Modi in China: Asia will see revolutionary changes if India, China join forces, says Chinese media
As PM Modi begins his China visit, Chinese media as said that revolutionary changes could take place in Asia if China and India forge closer ties overcoming mistrust.
Beijing: Revolutionary changes could take place in Asia if China and India forge closer ties overcoming mistrust, the Chinese state media said on Thursday as Prime Minister Narendra Modi began his three-day visit to the country.
"Anyone with some geopolitical knowledge understands what revolutionary changes would happen to the political and economic landscape in Asia if China and India could join hands to forge ahead," an article in the state-run Global Times said.
"But people are also aware that there seems always to be a lack of mutual trust between the dragon and the elephant," the article said.
Noting that China is the world's largest textile exporter followed by India, it said the ranking implies where the Sino-Indian relationship stands and unveils one of the reasons for "the lack of trust: There is more competition than complementarity".
"As the global supply chain has been largely formed today, the lack of economic complementarity between China and India directly leads to a zero-sum game. In other words, one side moving up on the supply chain will likely squeeze the domain of the other," the article said.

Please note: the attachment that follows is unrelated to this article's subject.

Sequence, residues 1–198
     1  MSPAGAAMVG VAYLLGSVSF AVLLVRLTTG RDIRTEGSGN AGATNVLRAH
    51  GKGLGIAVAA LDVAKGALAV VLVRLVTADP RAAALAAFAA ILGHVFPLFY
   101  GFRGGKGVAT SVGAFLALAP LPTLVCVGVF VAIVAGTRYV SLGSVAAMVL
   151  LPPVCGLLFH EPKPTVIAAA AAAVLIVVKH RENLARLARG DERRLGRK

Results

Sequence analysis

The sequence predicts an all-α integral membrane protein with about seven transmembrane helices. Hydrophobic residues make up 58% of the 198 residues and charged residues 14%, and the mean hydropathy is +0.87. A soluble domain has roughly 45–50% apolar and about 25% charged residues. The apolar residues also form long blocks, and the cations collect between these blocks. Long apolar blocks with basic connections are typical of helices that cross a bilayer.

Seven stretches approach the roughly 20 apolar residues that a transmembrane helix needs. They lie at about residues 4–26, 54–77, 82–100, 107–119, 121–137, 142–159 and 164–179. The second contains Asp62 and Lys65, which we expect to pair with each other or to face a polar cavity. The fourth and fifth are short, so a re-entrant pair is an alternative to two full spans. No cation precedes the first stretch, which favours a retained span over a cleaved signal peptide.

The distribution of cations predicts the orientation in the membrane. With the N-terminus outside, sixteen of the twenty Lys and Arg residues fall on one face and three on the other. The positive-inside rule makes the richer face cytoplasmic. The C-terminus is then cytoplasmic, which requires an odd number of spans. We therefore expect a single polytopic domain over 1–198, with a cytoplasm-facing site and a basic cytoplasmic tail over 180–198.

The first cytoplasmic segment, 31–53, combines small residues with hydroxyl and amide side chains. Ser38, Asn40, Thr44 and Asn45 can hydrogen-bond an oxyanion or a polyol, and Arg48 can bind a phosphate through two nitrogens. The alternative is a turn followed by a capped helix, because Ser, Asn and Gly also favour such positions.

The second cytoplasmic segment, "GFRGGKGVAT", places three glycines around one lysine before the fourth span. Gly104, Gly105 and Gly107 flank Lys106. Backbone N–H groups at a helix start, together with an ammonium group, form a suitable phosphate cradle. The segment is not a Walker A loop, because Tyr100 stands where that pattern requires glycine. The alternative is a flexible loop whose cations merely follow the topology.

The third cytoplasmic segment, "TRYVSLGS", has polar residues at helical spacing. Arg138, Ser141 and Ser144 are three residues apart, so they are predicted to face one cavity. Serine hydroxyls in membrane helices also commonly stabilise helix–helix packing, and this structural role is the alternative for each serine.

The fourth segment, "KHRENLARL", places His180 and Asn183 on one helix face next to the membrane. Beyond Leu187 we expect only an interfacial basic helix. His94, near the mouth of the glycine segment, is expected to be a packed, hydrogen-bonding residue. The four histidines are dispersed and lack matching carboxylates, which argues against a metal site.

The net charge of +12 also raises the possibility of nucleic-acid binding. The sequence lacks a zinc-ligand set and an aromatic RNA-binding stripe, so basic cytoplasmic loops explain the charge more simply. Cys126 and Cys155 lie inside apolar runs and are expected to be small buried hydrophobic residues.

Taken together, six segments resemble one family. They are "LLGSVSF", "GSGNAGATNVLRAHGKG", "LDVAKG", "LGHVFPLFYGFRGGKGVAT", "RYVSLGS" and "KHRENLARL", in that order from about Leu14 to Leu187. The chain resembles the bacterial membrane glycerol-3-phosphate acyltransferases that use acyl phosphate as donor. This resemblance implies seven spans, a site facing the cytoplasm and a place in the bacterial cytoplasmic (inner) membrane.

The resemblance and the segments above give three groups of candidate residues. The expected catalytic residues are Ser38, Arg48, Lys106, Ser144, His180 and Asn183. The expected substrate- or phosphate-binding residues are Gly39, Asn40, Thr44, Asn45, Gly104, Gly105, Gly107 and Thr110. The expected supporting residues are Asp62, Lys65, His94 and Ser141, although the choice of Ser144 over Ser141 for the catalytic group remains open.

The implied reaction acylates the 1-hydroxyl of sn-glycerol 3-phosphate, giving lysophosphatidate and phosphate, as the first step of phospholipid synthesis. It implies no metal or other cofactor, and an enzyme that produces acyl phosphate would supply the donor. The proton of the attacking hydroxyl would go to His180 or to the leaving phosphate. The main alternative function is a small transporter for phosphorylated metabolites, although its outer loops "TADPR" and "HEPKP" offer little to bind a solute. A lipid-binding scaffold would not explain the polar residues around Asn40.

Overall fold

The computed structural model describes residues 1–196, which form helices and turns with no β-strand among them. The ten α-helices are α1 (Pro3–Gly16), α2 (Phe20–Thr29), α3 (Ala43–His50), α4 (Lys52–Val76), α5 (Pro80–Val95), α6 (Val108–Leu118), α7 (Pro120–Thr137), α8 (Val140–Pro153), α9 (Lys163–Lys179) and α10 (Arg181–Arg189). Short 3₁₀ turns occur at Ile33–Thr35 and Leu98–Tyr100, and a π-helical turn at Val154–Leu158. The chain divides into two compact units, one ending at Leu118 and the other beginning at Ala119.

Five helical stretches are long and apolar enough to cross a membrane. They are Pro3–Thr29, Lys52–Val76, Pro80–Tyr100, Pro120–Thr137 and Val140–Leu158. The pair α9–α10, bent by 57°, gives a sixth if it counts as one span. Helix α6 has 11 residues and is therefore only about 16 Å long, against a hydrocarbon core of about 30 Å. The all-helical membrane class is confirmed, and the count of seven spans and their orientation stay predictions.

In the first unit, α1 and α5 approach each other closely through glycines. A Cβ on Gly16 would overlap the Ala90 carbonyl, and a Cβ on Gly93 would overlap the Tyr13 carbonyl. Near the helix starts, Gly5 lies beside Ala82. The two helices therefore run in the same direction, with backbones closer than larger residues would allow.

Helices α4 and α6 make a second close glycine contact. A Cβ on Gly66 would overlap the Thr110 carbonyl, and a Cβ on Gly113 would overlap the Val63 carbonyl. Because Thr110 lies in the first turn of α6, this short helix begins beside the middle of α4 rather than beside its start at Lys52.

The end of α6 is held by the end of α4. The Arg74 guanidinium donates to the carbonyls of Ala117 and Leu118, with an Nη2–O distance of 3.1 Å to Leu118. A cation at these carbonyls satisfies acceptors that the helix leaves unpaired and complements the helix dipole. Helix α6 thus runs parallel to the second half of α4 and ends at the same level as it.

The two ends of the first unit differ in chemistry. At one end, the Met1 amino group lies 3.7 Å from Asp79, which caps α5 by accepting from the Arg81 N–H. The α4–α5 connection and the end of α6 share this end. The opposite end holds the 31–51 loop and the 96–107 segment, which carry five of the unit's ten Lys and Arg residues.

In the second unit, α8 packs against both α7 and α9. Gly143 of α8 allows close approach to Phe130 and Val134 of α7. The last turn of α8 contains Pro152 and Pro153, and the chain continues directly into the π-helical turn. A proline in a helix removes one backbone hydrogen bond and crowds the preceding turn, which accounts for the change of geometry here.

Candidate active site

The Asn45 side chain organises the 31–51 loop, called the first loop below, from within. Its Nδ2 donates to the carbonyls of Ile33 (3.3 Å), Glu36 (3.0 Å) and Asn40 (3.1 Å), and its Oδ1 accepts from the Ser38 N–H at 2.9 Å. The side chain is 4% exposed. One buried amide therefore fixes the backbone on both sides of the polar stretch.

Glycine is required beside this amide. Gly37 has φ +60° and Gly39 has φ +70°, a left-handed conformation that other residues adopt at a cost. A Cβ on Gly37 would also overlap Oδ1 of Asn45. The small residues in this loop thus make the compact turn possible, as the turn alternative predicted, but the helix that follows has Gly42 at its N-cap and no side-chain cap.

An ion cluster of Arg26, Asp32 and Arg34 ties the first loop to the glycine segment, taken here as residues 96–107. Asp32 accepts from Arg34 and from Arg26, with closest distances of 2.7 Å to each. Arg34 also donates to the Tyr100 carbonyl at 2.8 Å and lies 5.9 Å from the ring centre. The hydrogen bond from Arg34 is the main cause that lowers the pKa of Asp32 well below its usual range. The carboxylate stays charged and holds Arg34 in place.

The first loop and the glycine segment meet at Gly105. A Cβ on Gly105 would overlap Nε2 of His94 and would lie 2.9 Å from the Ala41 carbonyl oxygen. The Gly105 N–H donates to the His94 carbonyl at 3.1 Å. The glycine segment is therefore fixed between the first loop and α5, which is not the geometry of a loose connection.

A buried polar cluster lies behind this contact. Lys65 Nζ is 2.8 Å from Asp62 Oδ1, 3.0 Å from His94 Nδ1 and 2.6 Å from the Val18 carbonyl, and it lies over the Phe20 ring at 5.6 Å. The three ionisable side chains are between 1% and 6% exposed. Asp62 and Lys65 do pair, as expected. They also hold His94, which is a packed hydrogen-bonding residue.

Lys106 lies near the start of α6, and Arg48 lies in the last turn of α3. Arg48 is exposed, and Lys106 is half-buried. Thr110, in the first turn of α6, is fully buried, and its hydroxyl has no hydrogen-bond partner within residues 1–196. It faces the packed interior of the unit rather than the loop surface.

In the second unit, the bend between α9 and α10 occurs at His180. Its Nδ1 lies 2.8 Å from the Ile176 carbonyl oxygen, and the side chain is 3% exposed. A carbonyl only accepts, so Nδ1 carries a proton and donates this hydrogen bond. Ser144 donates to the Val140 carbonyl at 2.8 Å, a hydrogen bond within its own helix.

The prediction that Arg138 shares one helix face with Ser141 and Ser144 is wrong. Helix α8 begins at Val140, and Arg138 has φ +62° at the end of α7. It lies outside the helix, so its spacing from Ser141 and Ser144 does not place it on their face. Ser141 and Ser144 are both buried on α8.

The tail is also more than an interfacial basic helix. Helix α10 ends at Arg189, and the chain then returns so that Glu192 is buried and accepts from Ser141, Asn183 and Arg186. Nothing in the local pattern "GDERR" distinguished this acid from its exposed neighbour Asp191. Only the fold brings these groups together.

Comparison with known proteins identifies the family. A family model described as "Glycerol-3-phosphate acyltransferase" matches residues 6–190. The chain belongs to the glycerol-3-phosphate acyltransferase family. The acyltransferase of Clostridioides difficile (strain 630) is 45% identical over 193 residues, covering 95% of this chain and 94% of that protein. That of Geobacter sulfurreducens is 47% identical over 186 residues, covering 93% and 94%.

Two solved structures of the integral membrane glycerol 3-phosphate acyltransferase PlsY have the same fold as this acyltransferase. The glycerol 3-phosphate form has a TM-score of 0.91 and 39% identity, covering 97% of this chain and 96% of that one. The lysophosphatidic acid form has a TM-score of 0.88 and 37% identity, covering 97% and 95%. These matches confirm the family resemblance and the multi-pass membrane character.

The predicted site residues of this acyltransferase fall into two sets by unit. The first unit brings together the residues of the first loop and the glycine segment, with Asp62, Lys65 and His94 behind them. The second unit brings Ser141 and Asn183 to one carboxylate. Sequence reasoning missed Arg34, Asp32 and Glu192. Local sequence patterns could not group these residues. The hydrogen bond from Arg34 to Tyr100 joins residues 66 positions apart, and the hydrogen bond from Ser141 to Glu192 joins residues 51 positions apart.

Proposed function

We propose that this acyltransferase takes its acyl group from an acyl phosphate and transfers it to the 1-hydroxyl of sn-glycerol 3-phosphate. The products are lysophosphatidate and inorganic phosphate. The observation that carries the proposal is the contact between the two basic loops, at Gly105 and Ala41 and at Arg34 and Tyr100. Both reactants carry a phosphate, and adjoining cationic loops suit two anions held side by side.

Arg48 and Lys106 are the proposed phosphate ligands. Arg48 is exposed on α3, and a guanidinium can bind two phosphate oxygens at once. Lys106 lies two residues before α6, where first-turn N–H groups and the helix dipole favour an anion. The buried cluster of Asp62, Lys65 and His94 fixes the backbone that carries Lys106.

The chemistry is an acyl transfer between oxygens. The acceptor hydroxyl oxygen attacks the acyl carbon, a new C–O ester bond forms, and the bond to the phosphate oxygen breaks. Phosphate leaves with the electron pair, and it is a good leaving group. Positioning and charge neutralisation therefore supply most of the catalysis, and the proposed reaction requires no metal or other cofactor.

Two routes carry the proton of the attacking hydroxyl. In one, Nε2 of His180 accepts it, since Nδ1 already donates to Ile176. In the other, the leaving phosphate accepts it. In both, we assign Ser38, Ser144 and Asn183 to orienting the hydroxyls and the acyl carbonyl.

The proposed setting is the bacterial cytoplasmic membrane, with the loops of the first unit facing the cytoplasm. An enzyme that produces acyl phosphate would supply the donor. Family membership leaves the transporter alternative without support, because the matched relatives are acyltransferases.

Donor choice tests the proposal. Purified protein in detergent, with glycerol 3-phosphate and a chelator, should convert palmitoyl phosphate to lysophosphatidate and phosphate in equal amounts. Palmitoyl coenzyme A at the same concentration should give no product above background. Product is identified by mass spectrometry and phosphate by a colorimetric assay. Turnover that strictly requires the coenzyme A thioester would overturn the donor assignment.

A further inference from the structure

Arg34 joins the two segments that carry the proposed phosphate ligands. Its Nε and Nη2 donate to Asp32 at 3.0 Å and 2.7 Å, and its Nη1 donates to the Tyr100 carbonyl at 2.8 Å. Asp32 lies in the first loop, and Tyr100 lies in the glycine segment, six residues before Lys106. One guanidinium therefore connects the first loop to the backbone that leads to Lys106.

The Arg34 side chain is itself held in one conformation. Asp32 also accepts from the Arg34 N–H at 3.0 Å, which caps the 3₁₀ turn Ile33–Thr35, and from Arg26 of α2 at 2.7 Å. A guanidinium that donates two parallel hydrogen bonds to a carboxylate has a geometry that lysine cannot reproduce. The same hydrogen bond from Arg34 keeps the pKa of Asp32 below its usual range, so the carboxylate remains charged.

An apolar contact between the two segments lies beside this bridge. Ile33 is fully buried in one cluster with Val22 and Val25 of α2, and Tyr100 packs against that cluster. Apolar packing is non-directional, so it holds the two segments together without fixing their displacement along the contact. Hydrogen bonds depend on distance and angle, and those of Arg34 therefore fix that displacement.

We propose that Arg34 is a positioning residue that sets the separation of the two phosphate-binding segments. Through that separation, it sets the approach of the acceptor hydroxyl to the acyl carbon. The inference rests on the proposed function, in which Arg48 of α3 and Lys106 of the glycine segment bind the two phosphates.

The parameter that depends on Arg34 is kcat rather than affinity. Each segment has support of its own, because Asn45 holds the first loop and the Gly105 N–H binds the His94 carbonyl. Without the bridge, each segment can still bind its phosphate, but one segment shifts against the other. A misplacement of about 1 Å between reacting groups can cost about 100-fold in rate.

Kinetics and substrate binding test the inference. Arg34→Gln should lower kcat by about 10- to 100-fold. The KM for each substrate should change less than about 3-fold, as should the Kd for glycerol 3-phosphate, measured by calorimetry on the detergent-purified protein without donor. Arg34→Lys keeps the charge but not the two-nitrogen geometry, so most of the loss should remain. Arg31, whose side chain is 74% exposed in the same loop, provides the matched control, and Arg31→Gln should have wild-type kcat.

It also talked about unsustainable factors in the trade structure of China and India.
"To tackle them, the two countries must devise and expand the complementarity of their industries," it said.
After talks with Chinese President Xi Jinping in Xi'an, Modi will arrive in Beijing and meet Premier Li Keqiang on Friday.
On the third day of his visit, he would go to Shanghai where he would address the Chinese CEOs besides attending a business get-together and address the Indian community in China.
"Some scholars have said that complementarity can be enhanced if China invests more in India's infrastructure. However, this may prove the reverse since better transportation by rail and road will cause more concerns for India about the flooding of Chinese commodities," the article said.
"Besides, it will likely get Chinese enterprises tangled into India's perplexing land system, which may produce unexpected troubles," it said.
"The key lies in more industrial coordination. China can make well-planned and targeted industrial transfers in accordance with the development and investment ability of its enterprises and set up production bases in India to make use of its cheaper labour force," it added.
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